date : 16th May 2004
the sheer size, the brawn of Chryslerís new 300C, that first
gets your attention. A massive egg-crate grille, hooded head
lights and a distinct Chrysler styling signature that places
much more emphasis on metal than glass area.
This is the twenty first century muscle-car that America has
been waiting for. And if the Chrysler division of Daimler
Chrysler has its way, half of Europe will be lusting after the
300C as well.
The name is a special one in Chrysler's history. It was back
in the mid-1950s that the famous Hemi Chryslers made mincemeat
of the opposition, both on the Nascar ovals, on the Bonneville
Salt Flats, and out on the streets. This was the era of hot-rodding
for the masses, and the Hemi was king.
The name "Hemi" is derived from the engine's
hemispherical combustion chamber shape in the cylinder head.
The hemi head design gave excellent, free-breathing
characteristics and Chrysler was alone amongst American mass
manufacturers in dealing with the complexity that a Hemi head
At the height of its powers the Chrysler Hemi was producing up
to three horsepower, or two hundred and twenty five kilowatts
in today's terms.
That is an impressive figure even today and in 1957, the year
of the original 300C on white-walled "balloon" tyres,
it was mind-blowing.
Apart from the brutal looks, the most intriguing aspect of the
2004 Chrysler 300C is that it also has a Hemi V8 motor. And
yes, it uses pushrods, and not fancy dual overhead camshafts
and multi-valve induction.
But the new Hemi engine has another party trick. Thanks to a
patented hydraulic and electronic management system for the
valve train, four cylinders are shut down when lots of power
is not needed.
The hydraulics seal the valves on four cylinders, turning the
Hemi into a Vee Four. But when power is needed it is there on
demand and Voila, the 300C is once again a burly V8. The
system is so smooth that none of the journalists at the recent
international launch could detect the change-over.
Chrysler went to great lengths to build this car well and it
has a degree of luxury and good panel fit that will make it
acceptable to European enthusiasts. They see it competing in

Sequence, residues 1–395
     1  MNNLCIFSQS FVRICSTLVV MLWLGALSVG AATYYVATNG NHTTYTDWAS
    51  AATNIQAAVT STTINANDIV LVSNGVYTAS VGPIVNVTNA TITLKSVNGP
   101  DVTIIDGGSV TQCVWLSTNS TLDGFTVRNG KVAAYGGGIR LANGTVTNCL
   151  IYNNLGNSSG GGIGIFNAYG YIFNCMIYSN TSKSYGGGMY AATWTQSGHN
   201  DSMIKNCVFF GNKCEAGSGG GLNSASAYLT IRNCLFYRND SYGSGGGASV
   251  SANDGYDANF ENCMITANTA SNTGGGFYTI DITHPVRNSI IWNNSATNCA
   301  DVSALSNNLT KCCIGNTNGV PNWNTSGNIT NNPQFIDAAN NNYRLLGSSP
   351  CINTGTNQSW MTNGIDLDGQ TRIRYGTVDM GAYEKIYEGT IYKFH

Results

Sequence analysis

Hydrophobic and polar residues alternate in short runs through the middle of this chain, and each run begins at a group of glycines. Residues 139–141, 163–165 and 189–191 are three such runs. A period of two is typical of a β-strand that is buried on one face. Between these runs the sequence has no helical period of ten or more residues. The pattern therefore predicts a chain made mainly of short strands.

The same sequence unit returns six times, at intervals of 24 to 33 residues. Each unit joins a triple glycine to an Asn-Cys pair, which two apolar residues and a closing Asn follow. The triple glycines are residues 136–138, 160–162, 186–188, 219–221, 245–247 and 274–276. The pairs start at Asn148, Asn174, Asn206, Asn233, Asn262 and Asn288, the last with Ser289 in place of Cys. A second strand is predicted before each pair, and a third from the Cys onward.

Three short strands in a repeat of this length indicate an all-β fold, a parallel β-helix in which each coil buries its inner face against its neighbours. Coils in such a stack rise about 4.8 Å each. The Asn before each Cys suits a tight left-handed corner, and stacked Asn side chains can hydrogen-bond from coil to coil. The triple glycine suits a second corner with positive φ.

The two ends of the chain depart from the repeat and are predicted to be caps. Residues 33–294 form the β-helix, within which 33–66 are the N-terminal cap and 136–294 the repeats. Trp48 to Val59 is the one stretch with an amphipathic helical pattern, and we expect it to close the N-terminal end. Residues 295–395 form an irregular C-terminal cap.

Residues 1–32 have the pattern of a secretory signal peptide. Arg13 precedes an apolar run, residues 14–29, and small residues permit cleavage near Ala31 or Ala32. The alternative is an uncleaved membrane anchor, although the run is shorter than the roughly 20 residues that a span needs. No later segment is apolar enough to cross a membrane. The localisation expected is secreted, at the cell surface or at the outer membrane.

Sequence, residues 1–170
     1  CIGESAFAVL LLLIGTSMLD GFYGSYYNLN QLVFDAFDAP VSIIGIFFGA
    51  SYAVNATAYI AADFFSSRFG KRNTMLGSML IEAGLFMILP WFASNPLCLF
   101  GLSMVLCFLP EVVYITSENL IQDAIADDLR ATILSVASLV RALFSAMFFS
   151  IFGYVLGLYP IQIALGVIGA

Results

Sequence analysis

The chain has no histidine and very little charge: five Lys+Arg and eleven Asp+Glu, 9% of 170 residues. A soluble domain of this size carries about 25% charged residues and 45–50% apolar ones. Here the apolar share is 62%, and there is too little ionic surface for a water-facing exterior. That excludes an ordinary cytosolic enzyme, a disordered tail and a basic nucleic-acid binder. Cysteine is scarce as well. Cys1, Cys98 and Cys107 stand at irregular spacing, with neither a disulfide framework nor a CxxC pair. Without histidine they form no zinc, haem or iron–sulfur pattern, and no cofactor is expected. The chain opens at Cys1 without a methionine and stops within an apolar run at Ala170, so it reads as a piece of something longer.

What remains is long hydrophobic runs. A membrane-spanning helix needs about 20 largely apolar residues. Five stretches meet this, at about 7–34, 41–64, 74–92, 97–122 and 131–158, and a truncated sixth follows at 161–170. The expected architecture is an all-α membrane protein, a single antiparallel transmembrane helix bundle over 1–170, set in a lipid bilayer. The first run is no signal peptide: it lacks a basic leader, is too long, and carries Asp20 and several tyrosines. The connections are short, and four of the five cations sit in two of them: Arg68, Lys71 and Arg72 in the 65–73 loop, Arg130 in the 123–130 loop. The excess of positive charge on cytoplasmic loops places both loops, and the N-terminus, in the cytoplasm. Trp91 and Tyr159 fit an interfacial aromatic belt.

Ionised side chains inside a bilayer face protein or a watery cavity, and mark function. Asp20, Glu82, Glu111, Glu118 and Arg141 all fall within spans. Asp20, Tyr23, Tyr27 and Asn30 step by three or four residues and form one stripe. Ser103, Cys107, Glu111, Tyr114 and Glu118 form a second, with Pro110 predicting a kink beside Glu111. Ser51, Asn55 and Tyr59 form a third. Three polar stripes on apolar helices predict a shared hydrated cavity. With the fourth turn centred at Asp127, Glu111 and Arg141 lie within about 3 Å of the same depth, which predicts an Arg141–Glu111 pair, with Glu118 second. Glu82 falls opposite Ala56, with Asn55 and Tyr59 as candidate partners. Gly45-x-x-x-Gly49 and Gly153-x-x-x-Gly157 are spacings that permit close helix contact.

the segment populated by the Mercedes E Class, BMW 5-Series
and the Audi A6. It certainly looks completely different to
any of these European offerings. But it also offers a lot more
interior space than any of them. Measuring five metres in
length, it has a three metre wheelbase for exceptional rear
leg room. And despite short overhangs there is plenty of boot
Features that will appeal to luxury-minded drivers include the
satellite navigation and Boston Acoustic audio system, which
has a three hundred and eighty-Watt output.
There are no particularly hi-tech features in the overall
specification and Chrysler has chosen to ignore systems like
Active headlights, variable ratio steering.
But the suspension package on the car is excellent, with a
very rigid chassis contributing to an amazing road feel, sharp
communicative steering, and rock solid handling at high speed.
The Chrysler 300C was launched in France last month,
indicating that Chrysler Corporation is serious about making
this a worldwide seller.
There is currently capacity to build two hundred and seventy
five thousand units, but more capacity is planned for the
Performance from this very big American car weighing over
eighteen hundred kilograms will raise some eyebrows.
The zero to one hundred mark takes just six and a half
seconds, while top speed is an electronically limited two
That's when all eight cylinders are working flat out and the
electronic throttle is wide open. But when pussy-footing along
in Vee-Four mode, consumption drops way off.
In fact Chrysler claim an overall fuel consumption figure of
just eleven comma four litres per hundred kilometres for this
Can we expect to see the 300C in South Africa? The answer to
that is Yes. It will take a while for right-hand-drive models
to come on stream, but expect the roar of a V8 Hemi to sound
across the Karoo again in the third quarter of 2005.
Car Torque is